Humans make thousands of decisions every day. However, to save time and energy, our brains don’t give each decision equal attention. Instead, we take mental shortcuts.

To brain scientists, these shortcuts are known as “biases.” They’re neither good nor bad; they just are. They help us in certain cases and hinder us in others. For instance, an expedience bias compels us to make decisions quickly. If we’re in a burning building, that may be lifesaving, but if we’re conducting a performance review, it might be disadvantageous.

That’s why we’ve unpacked these shortcuts to help leaders and teams mitigate the biases that negatively affect decision-making, so that they can be more innovative and effective. Through our research, we’ve organized more than 150 such biases into five broad categories. These five bias domains comprise The SEEDS Model®, the framework that underpins our solutions geared toward reducing unconscious bias.

We’ve outlined each of the five bias domains below.

Similarity Bias — We prefer what is like us over what is different

Similarity biases most obviously crop up in decisions regarding people: who to hire, who to promote, and who to assign to projects.

It occurs because humans are highly motivated to see themselves and those who are similar in a favorable light. We instinctively create “in-groups” and “out-groups” — boundaries between who we consider close to us and who lives on the margins. We generally have a favorable view of our in-group but a skeptical or negative view of the out-group. Hence, why managers hire employees who remind them of themselves.

Overcoming a similarity bias requires actively finding common ground with people who appear different.

Expedience Bias — We prefer to act quickly rather than take time

Humans have a built-in need for certainty — to know what is going on. A downside of that need is the tendency to rush to judgment without fully considering all the facts.

Expedience biases crop up when we are reviewing employees and rely solely on one data point or recommendation. The fix is to develop a step-by-step process/approach that makes it easy to gather more information.

Experience Bias — We take our perception to be the objective truth

We may be the stars of our own show, but other people see the world slightly differently than we do. Experience biases occur when we fail to remember that fact. We assume our view of a given problem or situation constitutes the whole truth.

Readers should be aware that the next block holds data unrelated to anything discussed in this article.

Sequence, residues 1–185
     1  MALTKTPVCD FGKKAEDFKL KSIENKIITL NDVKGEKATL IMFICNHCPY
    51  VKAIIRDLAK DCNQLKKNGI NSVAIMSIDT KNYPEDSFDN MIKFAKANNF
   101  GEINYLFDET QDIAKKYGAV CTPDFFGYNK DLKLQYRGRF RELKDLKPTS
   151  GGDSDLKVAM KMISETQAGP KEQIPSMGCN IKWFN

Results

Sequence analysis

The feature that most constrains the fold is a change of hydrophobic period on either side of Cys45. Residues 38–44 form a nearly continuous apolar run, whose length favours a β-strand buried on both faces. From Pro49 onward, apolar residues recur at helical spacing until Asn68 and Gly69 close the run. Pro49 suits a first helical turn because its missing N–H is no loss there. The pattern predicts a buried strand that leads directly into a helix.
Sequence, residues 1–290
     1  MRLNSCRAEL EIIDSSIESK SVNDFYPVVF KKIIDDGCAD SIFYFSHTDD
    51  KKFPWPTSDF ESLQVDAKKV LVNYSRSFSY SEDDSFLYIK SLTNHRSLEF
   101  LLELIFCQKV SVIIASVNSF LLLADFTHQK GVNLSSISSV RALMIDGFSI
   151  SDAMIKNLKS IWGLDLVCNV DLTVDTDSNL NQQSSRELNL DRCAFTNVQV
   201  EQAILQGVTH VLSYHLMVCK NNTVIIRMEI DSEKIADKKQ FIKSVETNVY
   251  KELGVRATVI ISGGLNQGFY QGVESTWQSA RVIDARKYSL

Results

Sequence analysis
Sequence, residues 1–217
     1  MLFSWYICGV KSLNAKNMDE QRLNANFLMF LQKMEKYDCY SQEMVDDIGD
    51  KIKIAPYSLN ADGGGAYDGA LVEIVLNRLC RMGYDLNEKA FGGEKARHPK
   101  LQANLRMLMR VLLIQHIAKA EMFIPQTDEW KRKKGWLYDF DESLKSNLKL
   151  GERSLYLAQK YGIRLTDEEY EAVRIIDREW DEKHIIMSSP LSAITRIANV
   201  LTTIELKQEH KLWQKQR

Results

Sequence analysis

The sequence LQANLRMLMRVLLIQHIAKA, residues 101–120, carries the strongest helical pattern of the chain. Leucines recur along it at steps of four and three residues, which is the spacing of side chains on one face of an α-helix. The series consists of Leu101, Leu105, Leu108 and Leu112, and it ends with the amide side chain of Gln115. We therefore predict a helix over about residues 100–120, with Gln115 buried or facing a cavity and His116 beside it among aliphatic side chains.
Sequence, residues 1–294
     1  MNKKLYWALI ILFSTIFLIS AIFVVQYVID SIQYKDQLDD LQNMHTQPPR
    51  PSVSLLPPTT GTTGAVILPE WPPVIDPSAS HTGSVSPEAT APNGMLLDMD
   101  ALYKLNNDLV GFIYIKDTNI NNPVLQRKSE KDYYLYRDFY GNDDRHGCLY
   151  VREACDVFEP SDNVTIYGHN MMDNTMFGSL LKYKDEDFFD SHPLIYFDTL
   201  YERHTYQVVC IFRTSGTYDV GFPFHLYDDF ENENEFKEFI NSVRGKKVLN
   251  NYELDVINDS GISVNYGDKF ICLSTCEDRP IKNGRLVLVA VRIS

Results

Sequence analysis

To escape the bias, we need to build systems for others to check our thinking, share their perspectives, and help us reframe the situation at hand.

Distance Bias — We prefer what’s closer over what’s farther away

Distance biases have become all too common in today’s hybrid world. They emerge in meetings when folks in the room fail to gather input from their remote colleagues who may be dialing in on a video platform.

The bias reflects our instinct to prioritize what’s nearby, whether in physical space, time, or other domains.

We can mitigate distance biases with systems that acknowledge important figures outside our immediate proximity, such as calling on remote colleagues first in a meeting before discussing with the room.

Safety Bias — We protect against loss more than we seek out gain

Safety bias refers to the all-too-human tendency to avoid loss. Many studies have shown that we would prefer not to lose money even more than we’d prefer to gain money. In other words, bad is stronger than good.

Safety biases slow down decision-making and hold back healthy forms of risk-taking. One way we can mitigate the bias is by getting some distance between us and the decision — such as by imagining a past self already having made the choice successfully — to make those events less emotionally tied to yourself.

What’s important to remember about all biases is that no one can mitigate bias alone. It takes an entire group using a common language around bias to help individuals make smarter decisions.


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